5. From your first photo of the beaches, I found myself thinking the tide was very far out and that it must be quite a flat area. Thank goodness you noticed it coming in when you did!

    Britain seems to like the color yellow. When I flew into it on a May day some years ago it was again awash with yellow. I was told that it was mustard growing, so daffodils in March and mustard in May.

    I'm often surprised by the number of pictures you take of people, Nina. Do you ever find that people object to having their pictures taken?

    1. The yellow fields in May are actually rapeseed (or canola). Abundant both in England and France. The daffodils are limited to parts of Cornwall and Lincolnshire further north.
      As for photos -- I rarely ask. If I did, they probably would object. You can't document things or events only by permission. Ocean, too, is pretty tame, as you know. I don't think I've ever posted something objectionable. I could, but I haven't.

    2. It's abundant up here too in May.

    3. Yes, we have some canola fields in Ontario, though not nearly as many as corn and soybeans.

      I figured you weren't asking the people's permission. I was just wondering if anyone had ever said anything to you. I'm more of a landscape and architectural photographer, myself.

  6. What a beautiful day. Thank you for sharing with us Oceanites! If I may ask...? How do you choose locations to travel too? I have what I call a bucket list but they are mundane attractions compared to yours.
    Ruth in Oxnard CA.

    1. Oh, that is a very good and opportune question, because during my hike today, I was just thinking about where to go next winter! (I've got things in place for the nicer months of spring and summer.) For me, it's not a question of what I want to see on this planet -- it's where I can do the things I like to do (walk, observe, photograph and then retire to a comfortable room) readily, easily, with not a small amount of joy and by myself. That cuts a vast amount of territory right from under me! Add to it a good chance of at least some good weather and we're down to an even smaller number!

      In the past, when I traveled with my daughter or with Ed, my palate was far larger. Now, for solo trips, I almost always go to Europe and I try to introduce myself to a new location, at least for part of the trip. I spend some, but not a lot of time in large cities and I prefer to know at least a little of the language, so if English, French, Italian or Polish are spoken -- that helps. But of course, most Europeans speak at least passable English so that's not necessarily at issue.

      Finally, I'll take friendly over unfriendly anytime. Scottish people are friendly. That'll trump their unpredictable weather! French people in the countryside are terrifically nice and Italians are just completely lovable, except in the big cities where they are just like everywhere else -- rushed and distracted.

      Oh and I have to admit -- being able to find a nice accommodation (which usually means a nice guest house) is really important. I'll pass on an entire place if I can't find an affordable, pretty room to come back to at the end of the day.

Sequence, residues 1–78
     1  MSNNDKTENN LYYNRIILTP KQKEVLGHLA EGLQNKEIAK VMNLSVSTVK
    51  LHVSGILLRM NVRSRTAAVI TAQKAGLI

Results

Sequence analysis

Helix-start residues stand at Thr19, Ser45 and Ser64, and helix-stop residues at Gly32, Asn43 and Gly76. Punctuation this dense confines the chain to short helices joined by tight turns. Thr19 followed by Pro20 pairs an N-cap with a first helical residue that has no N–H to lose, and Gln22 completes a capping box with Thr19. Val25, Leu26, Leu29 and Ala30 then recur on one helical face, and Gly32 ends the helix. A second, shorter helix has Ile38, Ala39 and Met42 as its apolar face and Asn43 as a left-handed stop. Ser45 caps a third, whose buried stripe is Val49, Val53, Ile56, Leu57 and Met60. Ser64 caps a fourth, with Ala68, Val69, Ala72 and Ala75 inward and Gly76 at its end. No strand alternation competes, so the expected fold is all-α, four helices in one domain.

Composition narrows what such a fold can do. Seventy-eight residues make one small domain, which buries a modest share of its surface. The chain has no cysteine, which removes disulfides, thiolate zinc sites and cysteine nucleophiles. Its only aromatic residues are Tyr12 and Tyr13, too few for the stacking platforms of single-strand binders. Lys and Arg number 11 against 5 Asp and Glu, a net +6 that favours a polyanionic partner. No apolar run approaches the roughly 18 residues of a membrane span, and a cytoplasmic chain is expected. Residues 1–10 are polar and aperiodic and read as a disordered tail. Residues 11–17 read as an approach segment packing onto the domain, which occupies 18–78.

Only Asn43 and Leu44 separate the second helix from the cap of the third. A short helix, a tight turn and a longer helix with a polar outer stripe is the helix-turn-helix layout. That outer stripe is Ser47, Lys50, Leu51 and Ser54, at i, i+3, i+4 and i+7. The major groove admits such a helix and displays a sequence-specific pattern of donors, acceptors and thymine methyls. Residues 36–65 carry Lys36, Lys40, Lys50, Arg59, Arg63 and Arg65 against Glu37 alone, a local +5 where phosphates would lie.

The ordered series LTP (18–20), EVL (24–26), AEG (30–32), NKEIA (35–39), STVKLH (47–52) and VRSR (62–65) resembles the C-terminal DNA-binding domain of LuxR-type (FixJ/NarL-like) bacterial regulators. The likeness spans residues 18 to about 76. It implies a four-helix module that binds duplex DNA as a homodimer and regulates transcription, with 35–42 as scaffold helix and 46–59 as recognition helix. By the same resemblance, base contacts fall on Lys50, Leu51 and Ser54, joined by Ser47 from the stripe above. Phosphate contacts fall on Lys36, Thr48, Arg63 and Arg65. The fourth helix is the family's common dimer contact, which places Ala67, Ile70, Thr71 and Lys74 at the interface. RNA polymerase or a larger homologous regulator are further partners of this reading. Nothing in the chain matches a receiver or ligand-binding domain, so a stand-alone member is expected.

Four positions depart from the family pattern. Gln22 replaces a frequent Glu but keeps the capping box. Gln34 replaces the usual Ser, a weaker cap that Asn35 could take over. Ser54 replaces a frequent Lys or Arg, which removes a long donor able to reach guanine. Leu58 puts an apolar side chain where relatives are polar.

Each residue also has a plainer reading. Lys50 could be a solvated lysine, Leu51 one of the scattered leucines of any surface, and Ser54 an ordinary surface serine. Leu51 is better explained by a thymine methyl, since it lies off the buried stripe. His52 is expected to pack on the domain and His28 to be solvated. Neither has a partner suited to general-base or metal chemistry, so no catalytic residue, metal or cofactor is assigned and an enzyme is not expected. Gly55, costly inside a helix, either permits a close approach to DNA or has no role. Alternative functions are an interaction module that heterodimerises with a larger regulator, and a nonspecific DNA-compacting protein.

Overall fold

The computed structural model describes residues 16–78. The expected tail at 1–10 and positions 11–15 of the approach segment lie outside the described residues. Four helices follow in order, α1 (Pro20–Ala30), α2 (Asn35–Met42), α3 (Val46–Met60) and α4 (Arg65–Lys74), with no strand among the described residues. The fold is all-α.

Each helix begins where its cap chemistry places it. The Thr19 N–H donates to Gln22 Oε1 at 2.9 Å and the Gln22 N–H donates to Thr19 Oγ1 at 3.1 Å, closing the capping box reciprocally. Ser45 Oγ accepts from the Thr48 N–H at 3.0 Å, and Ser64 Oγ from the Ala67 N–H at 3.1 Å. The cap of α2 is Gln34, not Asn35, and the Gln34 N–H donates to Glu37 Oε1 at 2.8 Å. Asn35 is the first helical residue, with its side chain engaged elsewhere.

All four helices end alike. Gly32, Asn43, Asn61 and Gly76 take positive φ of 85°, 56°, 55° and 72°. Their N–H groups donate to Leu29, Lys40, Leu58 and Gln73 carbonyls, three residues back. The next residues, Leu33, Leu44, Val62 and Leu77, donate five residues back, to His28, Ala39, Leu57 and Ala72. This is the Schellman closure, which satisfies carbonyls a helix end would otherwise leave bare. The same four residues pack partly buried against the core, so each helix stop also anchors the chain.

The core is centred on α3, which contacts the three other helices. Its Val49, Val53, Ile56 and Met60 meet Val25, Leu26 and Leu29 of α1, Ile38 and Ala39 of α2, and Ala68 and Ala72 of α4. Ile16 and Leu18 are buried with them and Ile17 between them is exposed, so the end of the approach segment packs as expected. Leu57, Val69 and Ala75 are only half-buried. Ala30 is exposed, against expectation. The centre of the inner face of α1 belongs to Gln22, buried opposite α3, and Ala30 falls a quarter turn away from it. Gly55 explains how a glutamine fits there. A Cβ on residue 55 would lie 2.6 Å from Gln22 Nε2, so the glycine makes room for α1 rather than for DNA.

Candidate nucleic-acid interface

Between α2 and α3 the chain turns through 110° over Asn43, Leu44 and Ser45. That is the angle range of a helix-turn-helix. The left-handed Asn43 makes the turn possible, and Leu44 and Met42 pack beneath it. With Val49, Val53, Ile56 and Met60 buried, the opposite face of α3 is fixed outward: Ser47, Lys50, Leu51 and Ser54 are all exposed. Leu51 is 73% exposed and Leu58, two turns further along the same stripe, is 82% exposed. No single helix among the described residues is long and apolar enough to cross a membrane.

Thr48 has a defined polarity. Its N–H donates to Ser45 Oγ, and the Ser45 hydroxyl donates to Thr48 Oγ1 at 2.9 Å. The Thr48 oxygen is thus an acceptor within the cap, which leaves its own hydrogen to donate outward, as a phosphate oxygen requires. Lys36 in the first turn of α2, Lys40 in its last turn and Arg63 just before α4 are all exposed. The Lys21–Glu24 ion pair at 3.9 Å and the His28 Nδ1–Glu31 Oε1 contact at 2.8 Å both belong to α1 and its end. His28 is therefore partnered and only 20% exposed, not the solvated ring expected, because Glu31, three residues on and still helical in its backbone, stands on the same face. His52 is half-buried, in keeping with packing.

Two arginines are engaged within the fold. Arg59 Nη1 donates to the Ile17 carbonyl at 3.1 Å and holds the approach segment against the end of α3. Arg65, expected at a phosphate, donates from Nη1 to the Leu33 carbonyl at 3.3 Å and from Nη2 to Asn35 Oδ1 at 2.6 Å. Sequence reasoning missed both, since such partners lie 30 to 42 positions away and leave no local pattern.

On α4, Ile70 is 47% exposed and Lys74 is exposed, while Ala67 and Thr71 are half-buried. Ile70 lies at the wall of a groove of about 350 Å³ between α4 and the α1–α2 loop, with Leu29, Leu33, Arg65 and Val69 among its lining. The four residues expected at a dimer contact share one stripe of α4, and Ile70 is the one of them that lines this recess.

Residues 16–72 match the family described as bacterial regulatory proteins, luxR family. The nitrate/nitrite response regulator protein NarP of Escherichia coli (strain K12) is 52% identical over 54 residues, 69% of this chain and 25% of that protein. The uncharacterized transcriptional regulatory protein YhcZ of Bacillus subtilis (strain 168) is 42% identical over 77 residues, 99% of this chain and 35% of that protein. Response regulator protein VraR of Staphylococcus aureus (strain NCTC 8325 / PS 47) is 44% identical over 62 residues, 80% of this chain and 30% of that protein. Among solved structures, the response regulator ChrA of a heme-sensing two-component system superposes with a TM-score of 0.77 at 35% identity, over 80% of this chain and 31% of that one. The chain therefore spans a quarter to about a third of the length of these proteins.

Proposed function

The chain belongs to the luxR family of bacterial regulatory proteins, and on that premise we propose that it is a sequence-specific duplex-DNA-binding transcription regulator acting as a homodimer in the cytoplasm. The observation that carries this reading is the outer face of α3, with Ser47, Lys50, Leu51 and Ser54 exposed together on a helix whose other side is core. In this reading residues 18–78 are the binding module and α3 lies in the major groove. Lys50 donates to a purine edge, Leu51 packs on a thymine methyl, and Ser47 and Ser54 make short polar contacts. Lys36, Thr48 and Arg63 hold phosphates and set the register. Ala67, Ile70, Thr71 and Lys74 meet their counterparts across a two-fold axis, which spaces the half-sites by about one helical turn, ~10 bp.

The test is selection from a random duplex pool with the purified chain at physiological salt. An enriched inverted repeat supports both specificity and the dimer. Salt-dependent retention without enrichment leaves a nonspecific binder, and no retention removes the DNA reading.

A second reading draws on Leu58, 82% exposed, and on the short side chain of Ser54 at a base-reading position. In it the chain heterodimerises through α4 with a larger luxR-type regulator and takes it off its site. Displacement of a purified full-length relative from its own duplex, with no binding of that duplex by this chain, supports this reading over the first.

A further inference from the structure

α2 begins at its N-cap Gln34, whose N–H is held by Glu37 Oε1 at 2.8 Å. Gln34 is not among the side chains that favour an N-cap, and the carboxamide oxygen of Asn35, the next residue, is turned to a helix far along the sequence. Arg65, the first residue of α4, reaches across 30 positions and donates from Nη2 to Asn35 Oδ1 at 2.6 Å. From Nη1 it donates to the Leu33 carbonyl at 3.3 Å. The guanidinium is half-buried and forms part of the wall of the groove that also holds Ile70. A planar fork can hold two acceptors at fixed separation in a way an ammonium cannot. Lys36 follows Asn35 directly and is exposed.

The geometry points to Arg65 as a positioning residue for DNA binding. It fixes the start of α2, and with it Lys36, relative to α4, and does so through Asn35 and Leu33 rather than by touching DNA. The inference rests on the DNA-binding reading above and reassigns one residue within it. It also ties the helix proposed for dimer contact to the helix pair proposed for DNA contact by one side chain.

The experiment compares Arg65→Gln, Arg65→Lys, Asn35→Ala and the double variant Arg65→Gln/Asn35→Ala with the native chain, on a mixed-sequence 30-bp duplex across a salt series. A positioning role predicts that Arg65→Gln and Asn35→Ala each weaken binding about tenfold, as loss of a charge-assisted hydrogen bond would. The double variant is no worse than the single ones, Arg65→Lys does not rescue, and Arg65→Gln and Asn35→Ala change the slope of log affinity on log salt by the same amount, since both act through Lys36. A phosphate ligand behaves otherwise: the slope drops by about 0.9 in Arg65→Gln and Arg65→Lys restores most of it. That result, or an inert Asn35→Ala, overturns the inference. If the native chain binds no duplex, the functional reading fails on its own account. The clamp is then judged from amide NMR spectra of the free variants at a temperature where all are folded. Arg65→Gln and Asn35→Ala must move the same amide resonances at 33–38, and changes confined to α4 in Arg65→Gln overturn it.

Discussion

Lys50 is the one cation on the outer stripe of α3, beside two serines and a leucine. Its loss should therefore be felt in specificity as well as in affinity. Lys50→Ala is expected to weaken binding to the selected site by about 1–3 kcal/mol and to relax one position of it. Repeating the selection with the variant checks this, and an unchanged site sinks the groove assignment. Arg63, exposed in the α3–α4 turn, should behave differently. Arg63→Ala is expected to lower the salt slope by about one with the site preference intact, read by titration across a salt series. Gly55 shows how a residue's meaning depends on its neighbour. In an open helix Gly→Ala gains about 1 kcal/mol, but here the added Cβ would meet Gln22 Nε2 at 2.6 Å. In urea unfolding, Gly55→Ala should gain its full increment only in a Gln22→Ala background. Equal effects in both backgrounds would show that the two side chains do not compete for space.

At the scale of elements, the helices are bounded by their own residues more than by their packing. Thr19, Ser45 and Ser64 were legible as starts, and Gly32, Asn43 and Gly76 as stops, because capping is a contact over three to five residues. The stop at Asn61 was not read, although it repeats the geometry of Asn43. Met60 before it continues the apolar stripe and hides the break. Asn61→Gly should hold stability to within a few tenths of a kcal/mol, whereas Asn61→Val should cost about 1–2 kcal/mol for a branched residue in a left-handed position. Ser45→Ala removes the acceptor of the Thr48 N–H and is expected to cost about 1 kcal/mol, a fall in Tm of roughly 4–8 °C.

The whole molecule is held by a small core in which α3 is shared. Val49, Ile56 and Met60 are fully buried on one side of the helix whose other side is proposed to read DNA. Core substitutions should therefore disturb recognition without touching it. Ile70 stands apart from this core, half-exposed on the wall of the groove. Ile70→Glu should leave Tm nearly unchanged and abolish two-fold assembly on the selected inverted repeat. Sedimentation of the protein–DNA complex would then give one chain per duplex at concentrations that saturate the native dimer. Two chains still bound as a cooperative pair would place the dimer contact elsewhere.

2. Thanks Nina! Great advice
      Ruth in Oxnard CA

  7. So glad you got off the bus again to spend time on the magic carpet of daffodils.

    Glad you got your toes in the cold water, however briefly, now you have a cautionary tale for fellow travelers.

    Glad you chose the peaceful cafe with oh, that gingerbread!

    Glad you talked your way back into that reservation. A curry is so perfect when you're chilly.

    Our day with Mom was wonderful. She was in the brightest of high spirits, and she is just starry-eyed in love with her first grandson. And he, for his part, will change his schedule, lose money, spend six hours in the car, just to spend time with her.
    See what we have to look forward to with our grand-daughters? Pure unconditional love that grows ever deeper.

    1. Your Mom-grandson story gives me hope! :)

  8. Here is a another poem for you:
    Red sky at night, sailors' delight.
    Red sky at morning, sailors take warning!
    Luckily, that did not prove true today for you. I am greatly enjoying your (our) trip. Some questions: Does the infection given to English rabbits cause the floppy ears? Somehow I picture floppy years from illustrations of Peter Rabbit from long before this current plan to wipe out rabbits. And are you north enough to have seen the spectacular northern lights that were cause by a solar storm around Tuesday night?

    1. The plan to wipe out rabbits was first introduced just after World War II. So the damage was done then, or in the 50s. The rabbit population declined then by astonishing numbers, but the rabbits grew resilient (or some of them did) so they are back! (The disease continues to plague a good number of them, as in, according to the trekker, for this rather lethargic and possibly blind rabbit.) Right now, farmers have the right to shoot rabbits - floppy eared or otherwise.
      And yes, my sentence was a take off on that familiar rhyme! :)
      Did not see the northern lights, but we are told that tonight there will be a near total solar eclipse at 9:30 a.m. There is a morning fog, but that might lift. All sorts of rumors circulate about safety and eyes and cameras etc, possibly none of them true, but I haven't the time to do a thorough read on it as I have a train to catch right about then!